I heard law Professor Adam Levitin of Georgetown University on NPR’s Fresh Air program last week. Professor Levitin is one of the contributing authors on the blog Credit Slips. In his interview, Professor Levitin talked about the recently enacted credit card law — Credit Card Accountability Responsibility and Disclosure Act of 2009 (aka Credit CARD Act, clever, huh?) — which placed limits on certain credit card practices like retroactive interest rate increases and marketing to consumers under age 21.
Professor Levitin said the legislation’s approach is wrong. He said if you ban A, B, and C, they will come up with D, E, and F. He suggested instead of banning specific practices, we should standardize most part of the credit card contract. Credit card companies can still price their products however they want. They just fill in the blanks in the standard contract with their numbers. That way consumers can compare the contracts and decide which product is best for them.
I relate to my recent experience in refinancing my mortgage. Much more is at stake with a mortgage than with a credit card. Yet when I signed the long promissory note, I only focused my attention on a few places: principal, interest rate, term of the loan, interest rate fixed or variable (fixed), prepayment penalty (none), due date (1st day of every month), grace period (15 days), and late fee (5%). The rest was pretty much standard. I agree with Professor Levitin when he said credit cards are much more complex with many more prices than a straight-up loan. For people who carry a balance, it’s very difficult to compare and understand all the different prices.
Ideally nobody carries a balance on their credit cards. But that’s not the reality. Borrowing from credit cards is legit. So is charging interest on such borrowing. We just need to make it much more straight forward. If you borrow money, you pay interest, plain and simple. Standardizing the credit card contract is a great way to do it. Between reading the contract and protecting the consumer, I vote for protecting the consumer.
I say this as someone who currently enjoys the float, the rewards, and free rental car insurance from credit cards. I’d like to see the credit card market bifurcate into two:
- True credit cards with no annual fee, no grace period, no rewards, no or low merchant fees, and no surcharge at the stores. You pay interest for the money you borrow.
- Deferred debit cards which automatically debit a linked bank account, with an annual fee (maybe), a grace period, rewards, higher merchant fee, and a surcharge at the stores. If you like the convenience, the added protection, the float, and the rewards, you pay for them. If the merchants want to attract you with your higher spending, they will subsidize you. It will be up to each merchant to decide how much they will subsidize and up to each consumer to decide whether the benefits are worth the surcharge.
I think that’s a much fairer system than the one we have now. At the point of each purchase, the consumer decides whether to
(a) pay now by cash or debit card; or
(b) pay later by a deferred debit card with a surcharge; or
(c) pay later by a credit card with interest
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There’s been some chatter in the blogosphere lately about a “Treasury Express” card. (Google it to pull up some posts.)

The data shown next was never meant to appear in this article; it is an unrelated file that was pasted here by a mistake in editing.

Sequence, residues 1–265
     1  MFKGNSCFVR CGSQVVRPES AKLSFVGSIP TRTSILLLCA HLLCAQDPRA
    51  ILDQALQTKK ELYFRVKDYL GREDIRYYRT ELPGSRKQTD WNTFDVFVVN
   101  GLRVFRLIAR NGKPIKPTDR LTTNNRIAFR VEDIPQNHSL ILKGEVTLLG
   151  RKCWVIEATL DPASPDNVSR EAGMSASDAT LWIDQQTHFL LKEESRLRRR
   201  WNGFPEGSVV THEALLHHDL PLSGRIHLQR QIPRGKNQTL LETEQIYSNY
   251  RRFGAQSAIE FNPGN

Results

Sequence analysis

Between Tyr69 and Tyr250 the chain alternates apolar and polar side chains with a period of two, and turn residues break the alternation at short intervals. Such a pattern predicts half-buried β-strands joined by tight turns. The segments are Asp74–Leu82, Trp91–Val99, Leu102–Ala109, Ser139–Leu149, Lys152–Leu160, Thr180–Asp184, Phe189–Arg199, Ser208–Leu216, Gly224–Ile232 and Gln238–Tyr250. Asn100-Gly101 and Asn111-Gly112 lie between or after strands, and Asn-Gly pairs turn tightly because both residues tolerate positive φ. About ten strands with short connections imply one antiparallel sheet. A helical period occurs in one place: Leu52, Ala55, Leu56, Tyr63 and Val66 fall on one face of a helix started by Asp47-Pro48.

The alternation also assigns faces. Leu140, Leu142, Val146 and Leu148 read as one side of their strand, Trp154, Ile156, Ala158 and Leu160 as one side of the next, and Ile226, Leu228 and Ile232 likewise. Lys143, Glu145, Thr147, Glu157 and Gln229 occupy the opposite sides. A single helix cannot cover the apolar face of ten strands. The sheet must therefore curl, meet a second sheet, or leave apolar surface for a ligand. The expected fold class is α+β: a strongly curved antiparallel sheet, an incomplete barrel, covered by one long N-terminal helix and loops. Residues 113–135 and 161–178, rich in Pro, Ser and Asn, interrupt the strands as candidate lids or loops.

For a nice discussion of a typology of credit see also Plastic Fantastic at Interfluidity.com and related posts there.
Harry Sit says
@TIE – Thanks for the pointers. I don’t think the government has to step in and provide a “Treasury Express” card. The market in the U.S. is distorted because of oligopoly rules that prohibit merchants from surcharging credit card transactions. The merchants bear the cost, the “transactors” reap the rewards, the credit card companies take the profit in the middle. Under these conditions, credit cards are over-used. We need some policy intervention to realign the cost and benefit. Other countries and the European Union have successfully done that. See the presentations at a recent conference held by Federal Reserve Bank of Chicago, Payments Pricing: Who Bears the Cost?.
@TFB – I think we both have an interest in two-sided markets, you for credit cards (about which two-sided theory has been applied by several authors), me for health insurance (about which only a little has been done from a two-sided perspective). I’ll have posts on two-sided markets soon. If you want links to papers relevant to credit cards, let me know.
Ya know, that would be a disturbingly elegant solution.
Quick issues would be… if two different cards charge different fees, how do merchants cope? As for charging different surcharges, it”s kind of “repugnant” as freakonomics would state. It’s awkward… esp. when it’s just two different types of cards. Offering discounts for cash comes easier it seems.
If we went entirely into a digital $$$ system wouldn’t that eliminate part of the issue =)? (I wonder if we hit a society that was pure digital $, there’d be surcharges on purchases with physical cash hehe)
1. Looks too dangerous still..
2. And I wouldn’t use 2…
Harry Sit says
@SJ – Some countries like Australia allowed surcharging. The merchants there coped just fine. Some surcharge credit cards. Some don’t. With graphical card terminals, displaying the prices for different card types shouldn’t be a problem.